One of the changes we’ve observed since 2020 and the emergence of the COVID pandemic has been an increase in demand from business organizations for ways to systematically monitor and act on changes in their external environment (i.e. markets, competition and change drivers).
While the onslaught of the pandemic was, of course, an extreme disruptor, it seems that it has helped organizations realize that many aspects of their world are outside of their control. For example, customer and competitor behavior can be both un-knowable and un-controllable. Instead, successful organizations manage this risk category by systematically monitoring important changes, evaluating leading indicators, and adjusting their strategies as necessary.
Our ‘Strategic Intelligence Program’ solution has three primary elements: 1) monitoring of open sources such as industry press, websites, business filings, etc. 2) a shared, cloud-based repository where market and industry ‘observations’ are compiled, organized and analyzed, and 3) a variety of reporting options such as alerts and summaries to disseminate objective insight.
Conceptually, the business organizations we work with apply this capability in a similar way. Starting with how they want to define their market landscape, they watch for data points that represent indicators of potential change that would impact their business and then prioritize those for deeper investigation leading to potential strategic shifts. However, while the basic concept is the same, we see it applied in many different and creative ways to get the most out of their programs.
Here’s just a peek at some of that range of application:
- Competitor tracking. Some companies focus very narrowly on a small set of competitors with an interest in a deep understanding of their competing businesses. They might be interested in specific operations or product details, or sales and marketing capabilities, or key personnel and have a very specific plan for how they will act on the information.
- General competitor and industry tracking. This application involves watching broadly across the entire industry for competitive and change drivers that may impact the business. Because the scope is so broad, usually these companies prioritize the competition using different levels (e.g. A, B and C competitors) and identify other priorities as ‘key topics’ to best allocate time and resources.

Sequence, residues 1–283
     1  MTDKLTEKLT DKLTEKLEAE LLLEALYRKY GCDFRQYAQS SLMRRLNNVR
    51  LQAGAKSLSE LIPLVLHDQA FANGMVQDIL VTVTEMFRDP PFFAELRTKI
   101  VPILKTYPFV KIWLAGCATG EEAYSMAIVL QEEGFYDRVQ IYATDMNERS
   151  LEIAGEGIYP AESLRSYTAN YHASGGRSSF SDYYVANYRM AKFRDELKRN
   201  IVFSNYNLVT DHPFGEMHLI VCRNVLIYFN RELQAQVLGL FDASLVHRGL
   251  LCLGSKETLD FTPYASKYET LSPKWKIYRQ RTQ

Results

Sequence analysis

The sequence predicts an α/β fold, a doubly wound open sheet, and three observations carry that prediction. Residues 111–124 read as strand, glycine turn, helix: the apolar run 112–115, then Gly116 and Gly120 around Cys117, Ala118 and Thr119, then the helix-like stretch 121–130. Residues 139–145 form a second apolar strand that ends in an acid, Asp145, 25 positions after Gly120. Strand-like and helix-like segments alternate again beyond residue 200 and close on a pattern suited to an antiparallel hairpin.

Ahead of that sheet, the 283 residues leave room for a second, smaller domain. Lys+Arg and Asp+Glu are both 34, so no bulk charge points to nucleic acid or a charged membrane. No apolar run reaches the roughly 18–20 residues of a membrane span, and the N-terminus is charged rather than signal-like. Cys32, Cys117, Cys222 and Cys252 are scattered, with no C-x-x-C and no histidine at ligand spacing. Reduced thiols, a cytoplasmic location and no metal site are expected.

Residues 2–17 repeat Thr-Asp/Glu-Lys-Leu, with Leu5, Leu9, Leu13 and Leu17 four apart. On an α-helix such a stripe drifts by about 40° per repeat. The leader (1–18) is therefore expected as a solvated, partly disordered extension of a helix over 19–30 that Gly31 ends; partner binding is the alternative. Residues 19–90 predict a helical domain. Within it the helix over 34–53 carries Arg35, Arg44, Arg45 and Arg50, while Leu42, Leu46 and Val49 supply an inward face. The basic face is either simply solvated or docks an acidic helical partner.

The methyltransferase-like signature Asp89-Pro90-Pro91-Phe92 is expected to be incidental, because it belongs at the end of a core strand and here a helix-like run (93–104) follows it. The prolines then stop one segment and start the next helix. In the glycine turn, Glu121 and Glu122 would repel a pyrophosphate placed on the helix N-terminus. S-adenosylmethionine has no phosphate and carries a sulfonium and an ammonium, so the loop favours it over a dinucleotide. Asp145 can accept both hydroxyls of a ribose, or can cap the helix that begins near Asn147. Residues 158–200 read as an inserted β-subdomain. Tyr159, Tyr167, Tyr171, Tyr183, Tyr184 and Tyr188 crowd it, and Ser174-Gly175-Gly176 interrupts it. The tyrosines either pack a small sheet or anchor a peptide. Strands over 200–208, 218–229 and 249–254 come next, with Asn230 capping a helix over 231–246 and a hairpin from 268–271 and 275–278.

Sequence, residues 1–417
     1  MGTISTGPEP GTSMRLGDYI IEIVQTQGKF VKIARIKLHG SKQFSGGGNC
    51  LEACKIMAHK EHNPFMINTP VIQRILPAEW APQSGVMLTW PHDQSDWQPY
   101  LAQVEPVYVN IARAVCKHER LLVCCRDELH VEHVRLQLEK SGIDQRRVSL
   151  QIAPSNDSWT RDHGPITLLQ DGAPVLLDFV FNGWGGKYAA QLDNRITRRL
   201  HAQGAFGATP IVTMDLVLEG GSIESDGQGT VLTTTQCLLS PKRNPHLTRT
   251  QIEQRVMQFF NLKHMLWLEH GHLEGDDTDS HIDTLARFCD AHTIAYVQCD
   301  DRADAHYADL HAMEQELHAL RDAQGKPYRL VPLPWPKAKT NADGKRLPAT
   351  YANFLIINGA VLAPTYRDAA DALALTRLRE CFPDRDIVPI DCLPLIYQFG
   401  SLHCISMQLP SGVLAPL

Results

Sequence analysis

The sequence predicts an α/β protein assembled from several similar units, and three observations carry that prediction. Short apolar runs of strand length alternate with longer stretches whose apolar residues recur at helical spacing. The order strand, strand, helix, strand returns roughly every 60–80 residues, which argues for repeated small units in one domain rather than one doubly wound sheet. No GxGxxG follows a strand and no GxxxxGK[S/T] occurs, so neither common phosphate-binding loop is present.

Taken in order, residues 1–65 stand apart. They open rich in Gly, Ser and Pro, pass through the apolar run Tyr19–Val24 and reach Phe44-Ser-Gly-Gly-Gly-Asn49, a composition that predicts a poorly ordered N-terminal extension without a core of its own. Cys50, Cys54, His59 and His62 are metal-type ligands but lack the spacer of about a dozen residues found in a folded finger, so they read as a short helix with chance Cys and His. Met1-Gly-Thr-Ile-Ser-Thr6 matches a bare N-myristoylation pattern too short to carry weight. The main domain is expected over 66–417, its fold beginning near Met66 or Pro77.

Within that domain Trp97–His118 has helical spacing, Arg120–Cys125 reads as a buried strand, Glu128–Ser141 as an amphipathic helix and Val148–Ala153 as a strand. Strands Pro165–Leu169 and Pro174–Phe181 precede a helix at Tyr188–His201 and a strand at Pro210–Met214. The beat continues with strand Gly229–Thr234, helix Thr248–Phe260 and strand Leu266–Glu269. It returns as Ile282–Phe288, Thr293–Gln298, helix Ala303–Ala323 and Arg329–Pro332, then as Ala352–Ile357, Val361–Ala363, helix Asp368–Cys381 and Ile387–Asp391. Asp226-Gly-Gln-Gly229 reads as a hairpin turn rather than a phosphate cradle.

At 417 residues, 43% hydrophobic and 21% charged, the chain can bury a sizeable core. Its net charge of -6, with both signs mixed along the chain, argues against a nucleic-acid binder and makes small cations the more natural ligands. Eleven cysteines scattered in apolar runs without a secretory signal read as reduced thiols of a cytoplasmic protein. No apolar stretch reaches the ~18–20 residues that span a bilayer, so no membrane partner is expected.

- Defensive intelligence to maintain a leadership position. Some companies are already the market leader but face new competition from market entrants. They wish to maintain that leadership position and use the intelligence findings to develop advertising campaigns or new product enhancements that will disrupt the competition and erect mobility barriers to maintain their lead.
- Growth related intelligence to enable partnerships or M&A. These companies have chosen partnerships or mergers and acquisitions as their primary growth vehicles and apply their intelligence resources toward scouting for acquisition targets, keeping an eye on similar activity by their competitors and industry change opportunities that open new opportunities.
- Innovation. These businesses are in industries where growth is achieved through innovation related to products, customer experience, services and even business models. In the case of one of our clients, changes in information technology are enabling an entirely new set of competitors with different business and operating models to gain a foothold. We closely watch both the legacy space and the emerging competition to help the company identify and prioritize innovation opportunities that will maintain its market leading position.
- Growth though sales support. Some programs are focused on supporting their B-to-B sales teams. They can be focused on competitors, on customers and markets or on both.
- Competitive pricing intelligence. In this industry, consumer pricing and terms change constantly. We assist this company to systematically capture those changes in price so that they can arm their sales force and target channel intermediaries to gain new business.
- COVID intelligence. This company in the health services industry is highly impacted by the COVID pandemic. It uses our intelligence to understand the effects of the pandemic on its customer base, making marketing and operations decisions based on it.
- New market development. This U.S. based company was looking at international markets as its primary arena for growth. Looking broadly at selected Asian and European markets, our intelligence enabled them to identify underserved segments and market entry points.
- Account management intelligence. This company offers its services to large and mid-sized businesses in selected industries and maintains ongoing relationships with them. In this case, our intelligence is used by account managers to stay abreast of strategic changes in their clients to provide communication and outreach opportunities and to identify sales opportunities and deepen sales relationships.
- Advisory board intelligence. Another company maintains several advisory boards consisting of industry thought leaders and entrepreneurs. Our intelligence efforts here provide insight into the activities of these leaders to help our client prepare for board meetings and maintain communications.
Over the 20 years that we’ve been doing it, market and competitive intelligence has evolved from a little-known and little-understood back-office secret into a nuts-and-bolts discipline that helps form the foundation of every agile and successful business from small to large. These examples illustrate how firms are becoming more mature in their application of market intelligence capabilities by focusing them in ways that directly impact their business and provide maximum ROI.
Line of Sight Group can help you build an intelligence program unique to your business needs. Contact us for more information!